May 30, 2024


I am no aviation guru, but I do love research so do indulge me here.

The International Civil Aviation Organization (ICAO), which is a specialised agency of the United Nations that coordinates the principles and techniques of international air navigation, defines an International airport “ANY AIRPORT designated by an ICAO CONTRACTING STATE [such as Ghana] in whose territory it is situated as an airport of entry and departure for INTERNATIONAL AIR TRAFFIC, where the formalities such as customs, immigration, public health, agricultural quarantine and similar procedures are carried out” [Ref 1].

Note that ICAO does not mention runway length or even aircraft type. The key is having facilities to allow entry and departure for international flights! My view is that you can even land a small Cessna Caravan regional passenger flight from, say, Abidjan or Lome. It would be international so long the airport has certain facilities such as customs, immigration, etc. The number of passengers aboard the flight is IMMATERIAL to whether an airport is international or the type of airplane that services the airport.

In any case, the revamped Kumasi airport, at 1,982 metres (m)/6,502 feet (f) runway length, can accommodate a 78-tonne (171 961 lb) Airbus A320 at possibly about 70% to 80% of the maximum take-off run of 2,100 m (6,900 ft) [Ref 2]. Phase 3 of the airport upgrade also envisages extending the runway from 1982 m to 2320 m (7611 ft), thus allowing fully loaded Boeing 737s and Airbus A320s to land, subject to the individual airline’s internal protocols.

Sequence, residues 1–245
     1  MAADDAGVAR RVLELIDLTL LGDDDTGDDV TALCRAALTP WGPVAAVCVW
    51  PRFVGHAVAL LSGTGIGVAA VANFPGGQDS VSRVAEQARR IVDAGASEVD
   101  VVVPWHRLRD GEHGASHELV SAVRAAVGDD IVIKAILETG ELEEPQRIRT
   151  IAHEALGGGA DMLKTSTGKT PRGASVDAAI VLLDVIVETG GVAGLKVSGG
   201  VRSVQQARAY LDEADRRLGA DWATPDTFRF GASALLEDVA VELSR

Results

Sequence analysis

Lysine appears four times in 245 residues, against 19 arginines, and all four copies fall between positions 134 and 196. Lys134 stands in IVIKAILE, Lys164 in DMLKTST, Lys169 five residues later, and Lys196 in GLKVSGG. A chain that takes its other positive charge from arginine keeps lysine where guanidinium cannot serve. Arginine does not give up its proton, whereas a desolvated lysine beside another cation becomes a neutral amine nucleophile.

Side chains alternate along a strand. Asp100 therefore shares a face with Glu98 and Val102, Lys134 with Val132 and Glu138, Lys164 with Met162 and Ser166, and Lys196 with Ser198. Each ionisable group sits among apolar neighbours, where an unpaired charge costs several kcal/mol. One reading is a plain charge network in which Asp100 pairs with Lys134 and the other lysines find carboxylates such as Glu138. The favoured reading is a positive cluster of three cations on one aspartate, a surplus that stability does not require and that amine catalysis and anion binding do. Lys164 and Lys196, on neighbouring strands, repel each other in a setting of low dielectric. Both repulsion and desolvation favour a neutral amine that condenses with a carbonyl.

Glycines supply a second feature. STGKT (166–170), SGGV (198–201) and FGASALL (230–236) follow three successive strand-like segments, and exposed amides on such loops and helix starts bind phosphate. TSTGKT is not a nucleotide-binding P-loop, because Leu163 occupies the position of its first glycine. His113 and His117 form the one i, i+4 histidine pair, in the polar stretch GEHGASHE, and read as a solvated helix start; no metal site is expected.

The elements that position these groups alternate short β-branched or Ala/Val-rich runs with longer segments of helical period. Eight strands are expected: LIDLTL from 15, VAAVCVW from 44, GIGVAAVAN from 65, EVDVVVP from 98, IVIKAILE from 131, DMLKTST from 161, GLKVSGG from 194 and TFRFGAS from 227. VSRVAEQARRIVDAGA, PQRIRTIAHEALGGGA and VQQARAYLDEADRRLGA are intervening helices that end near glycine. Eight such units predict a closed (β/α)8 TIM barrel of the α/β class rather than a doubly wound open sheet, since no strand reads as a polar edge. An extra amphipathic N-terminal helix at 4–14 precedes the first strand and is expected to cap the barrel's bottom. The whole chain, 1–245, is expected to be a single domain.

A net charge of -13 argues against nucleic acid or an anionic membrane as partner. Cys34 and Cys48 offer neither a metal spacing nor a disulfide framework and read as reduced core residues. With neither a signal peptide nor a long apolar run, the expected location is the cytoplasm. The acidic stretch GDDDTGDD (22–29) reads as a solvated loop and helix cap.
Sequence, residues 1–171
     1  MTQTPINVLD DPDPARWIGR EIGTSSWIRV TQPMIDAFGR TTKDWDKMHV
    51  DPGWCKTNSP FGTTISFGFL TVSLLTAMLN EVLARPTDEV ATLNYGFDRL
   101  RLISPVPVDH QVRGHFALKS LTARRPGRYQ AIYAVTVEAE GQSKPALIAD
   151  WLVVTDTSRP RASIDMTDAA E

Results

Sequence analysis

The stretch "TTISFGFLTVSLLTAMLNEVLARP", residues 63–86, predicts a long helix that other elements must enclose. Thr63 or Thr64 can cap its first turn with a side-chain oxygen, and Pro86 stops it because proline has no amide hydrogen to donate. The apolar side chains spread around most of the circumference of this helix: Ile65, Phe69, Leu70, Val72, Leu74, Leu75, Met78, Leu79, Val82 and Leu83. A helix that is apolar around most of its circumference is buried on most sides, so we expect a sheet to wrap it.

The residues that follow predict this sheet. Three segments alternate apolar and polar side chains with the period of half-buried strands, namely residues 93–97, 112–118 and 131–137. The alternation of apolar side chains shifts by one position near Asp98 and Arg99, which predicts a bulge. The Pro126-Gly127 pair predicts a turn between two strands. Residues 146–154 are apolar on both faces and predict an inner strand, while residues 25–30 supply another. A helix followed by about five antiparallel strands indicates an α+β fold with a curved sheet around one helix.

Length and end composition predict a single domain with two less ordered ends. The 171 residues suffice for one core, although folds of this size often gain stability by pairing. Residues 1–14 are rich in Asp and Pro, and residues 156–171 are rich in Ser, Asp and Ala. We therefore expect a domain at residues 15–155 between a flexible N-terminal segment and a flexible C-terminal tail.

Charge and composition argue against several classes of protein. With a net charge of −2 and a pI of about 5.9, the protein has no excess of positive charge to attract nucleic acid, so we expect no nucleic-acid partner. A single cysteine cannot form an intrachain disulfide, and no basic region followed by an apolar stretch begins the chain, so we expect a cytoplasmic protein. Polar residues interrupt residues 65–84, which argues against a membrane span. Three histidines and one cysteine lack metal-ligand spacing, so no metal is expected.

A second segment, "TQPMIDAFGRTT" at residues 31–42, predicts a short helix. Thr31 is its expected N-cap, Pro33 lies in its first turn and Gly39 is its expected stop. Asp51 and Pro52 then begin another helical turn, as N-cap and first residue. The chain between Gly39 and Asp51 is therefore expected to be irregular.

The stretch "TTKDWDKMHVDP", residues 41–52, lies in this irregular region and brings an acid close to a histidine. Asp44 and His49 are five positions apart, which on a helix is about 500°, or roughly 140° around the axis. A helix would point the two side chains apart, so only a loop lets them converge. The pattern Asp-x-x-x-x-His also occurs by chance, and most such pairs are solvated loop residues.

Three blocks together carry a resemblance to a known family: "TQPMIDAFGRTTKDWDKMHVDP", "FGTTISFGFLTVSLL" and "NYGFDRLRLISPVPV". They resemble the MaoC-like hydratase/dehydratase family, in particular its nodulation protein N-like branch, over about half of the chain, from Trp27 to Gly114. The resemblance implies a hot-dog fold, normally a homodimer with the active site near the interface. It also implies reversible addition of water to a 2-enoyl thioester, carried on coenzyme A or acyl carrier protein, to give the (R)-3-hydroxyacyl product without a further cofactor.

My local international airport here in Aberdeen (ABZ), United Kingdom, has a runway length of 1,953m (6,407 ft), and it lands A320s/319s from British Airways, Easy Jet, B737s from Tui, Ryanair, KLM, and others such as Embraer E-192s all the time with no fuss or safety issues.

Let’s elevate the discourse!

Economist and Political Risk Analyst. Co-Founder, iRIS Research Consortium + Ghana Research Network, Theo Acheampong, PhD wrote.